David Lynch’s name himself became one of the directors best known for his Lynchian trademark, very surrealism. He always combines elements of dreams and reality where it’s arguably undistinguished hard. Embarrassingly, why did I just watch the film? Why did I just watch this “Mulholland Drive” which is considered to be Lynch’s masterpiece ever existed? Although this is my first-time experience at Lynch’s world of dream, I tried to explore it. I tried to explore using this mature reasoning ability before I couldn’t make any metaphor again. Interestingly enough, this film raised Naomi Watts‘ name herself before being famous for starring in remake films.
After frustration even reading a lot of analysis and articles about this film, I tried theorizing too even though I didn’t know this theory would make sense. It tells about Betty (Naomi Watts), a plain young girl with the dream of becoming a celebrity in Los Angeles. For the first time, she managed to set foot there. She lives in an apartment owned by her Aunt Ruth who is also an actress and is currently filming. Betty stayed in her empty apartment. There too, she met a mysterious woman by the name of Rita (Laura Harring). After using Rita Hayworth’s name herself, she was amnesia after the car accident she had experienced the night before. Betty felt sorry and finally decided to help her.
This movie has many sub-plots like the one about Adam (Justin Theroux), a director in the process of directing a movie. He was under pressure from a group of Men in Black to use their own choice of actresses. Of course, Adam felt lost complete control and freedom with his film. It’s just having a complex sub-plot where they all don’t have anything with the main premise. However, farther away, they will form a common thread with all. This film, at first glance, seems simple. It’s like a simple film about a girl in her dreams to become an actress in Hollywood. Then, the tone becomes strange, mysterious, absurd, and disturbing. As if, you are watching a wrong movie because this is a nightmare.
David Lynch doesn’t stop at the place so that this film will getting weirder. The final third of the film begins with Lynch’s crazy parade where he tries to ruffle the audience’s mind. That’s when you tried to turn off the film or maybe you were asleep whether you watched it a bunch of times still frustrating. The audience tries to arrange this puzzle piece and clues even for small detail, Lynch stores it in all kinds of angles. These might be in the dialogue or it could be through a camera perspective. It could be how the actors reaction or have the same shots in the prologue and the epilogue. This is the most interesting part where you don’t want to miss it but you are trying to find out what the film really was.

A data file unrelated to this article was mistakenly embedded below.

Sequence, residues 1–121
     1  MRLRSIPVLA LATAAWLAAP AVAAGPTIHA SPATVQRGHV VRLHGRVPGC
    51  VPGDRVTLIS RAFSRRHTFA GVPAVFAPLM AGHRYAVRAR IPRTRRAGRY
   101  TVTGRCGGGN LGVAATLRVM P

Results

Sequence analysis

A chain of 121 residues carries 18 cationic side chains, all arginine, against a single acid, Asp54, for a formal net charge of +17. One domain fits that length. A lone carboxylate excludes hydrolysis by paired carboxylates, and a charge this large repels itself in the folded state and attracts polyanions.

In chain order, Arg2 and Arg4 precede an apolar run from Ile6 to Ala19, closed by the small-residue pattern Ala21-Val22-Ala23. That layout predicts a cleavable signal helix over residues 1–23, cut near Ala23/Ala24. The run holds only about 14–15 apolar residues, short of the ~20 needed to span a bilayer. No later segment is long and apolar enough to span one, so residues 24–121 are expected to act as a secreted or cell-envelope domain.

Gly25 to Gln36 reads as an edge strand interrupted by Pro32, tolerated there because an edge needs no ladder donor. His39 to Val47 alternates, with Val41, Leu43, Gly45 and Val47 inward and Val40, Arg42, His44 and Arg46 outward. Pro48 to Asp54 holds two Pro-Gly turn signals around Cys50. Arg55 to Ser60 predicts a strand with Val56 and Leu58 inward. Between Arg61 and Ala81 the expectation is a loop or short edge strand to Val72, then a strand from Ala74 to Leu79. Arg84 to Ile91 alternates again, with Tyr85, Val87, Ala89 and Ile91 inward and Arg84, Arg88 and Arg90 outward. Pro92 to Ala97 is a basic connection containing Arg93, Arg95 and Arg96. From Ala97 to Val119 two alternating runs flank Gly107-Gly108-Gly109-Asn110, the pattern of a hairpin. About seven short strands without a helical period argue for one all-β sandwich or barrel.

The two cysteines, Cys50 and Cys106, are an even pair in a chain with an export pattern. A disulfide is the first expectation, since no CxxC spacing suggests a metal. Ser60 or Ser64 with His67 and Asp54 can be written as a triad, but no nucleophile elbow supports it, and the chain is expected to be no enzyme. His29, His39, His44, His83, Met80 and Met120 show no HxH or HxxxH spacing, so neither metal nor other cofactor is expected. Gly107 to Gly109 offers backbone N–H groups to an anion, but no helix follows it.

Very different from Christopher Nolan’s “Memento” where there is a clear answer after you watch it as closely as possible. “Mulholland Drive”, no matter how many times you watch it, you can’t find any clear answer. David Lynch himself doesn’t want to tell or interpret the film. Maybe he alone didn’t know what he was actually directing on, nobody knew. He only gives us a small clue so that we can interpret it as fully as possible. This film is a presentation of a theory from Lynch about absurdity nightmares and the continuity of each role. Just like us where everyone has different theories to this movie.
Personally, “Mulholland Drive” uses a non-linear plot where there is a continuity of related stories you watch it from Diane’s arc to Betty’s arc. Therefore, the two universes join each other only in differences from characters make reality and dreams become one. Every object, location, and setting takes turns into the world of dreams or it could be the Silencio’s segment were symbols about the right answer. Suspense is the most powerful character in this film and twists as if it were the supporting character. Little by little, how many times have you watched this film? Still, there is no clear answer. It’s a beauty of surrealism and fake scenario. I could think arbitrarily, so do you.
Naomi Watts and Laura Harring take their best performances into one of the greatest Hollywood actresses. Harring and Watts act as two characters in turn. There is Watts as Betty, a plain actress who dreams of being able to set foot in Hollywood. Watt’s Diane is the most depressing character. She was an introvert, shy, but was pressured until she felt sad and turned towards dreams rather than accepting the reality of his own life. Harring, as well as Watts, acts as Rita, a plain but fragile character. On the other hand, Harring’s Camilla Rhodes is the most successful actress and manipulative after taking advantage of Diane’s feelings.
Apart from why this film considered as a classic cult, David Lynch is the director with the most noticeable trademark. As with Kubrickian and Tarantinoesque, Lynchian is very strange but original. “Mulholland Drive” is like a fake show where only characters and scenarios can be seen from all angles. The bunch of memorable scenes (including your favorite lesbian sex scene) spawns many pop culture. Like a dream, we just can’t accept reality. We continue to dream and dream even if we don’t want to accept this bitter reality. Just like you always deja vu, sleep paralyze, inception, or lucid dream. We all have strange or pleasant dreams except we want to continue to live on it.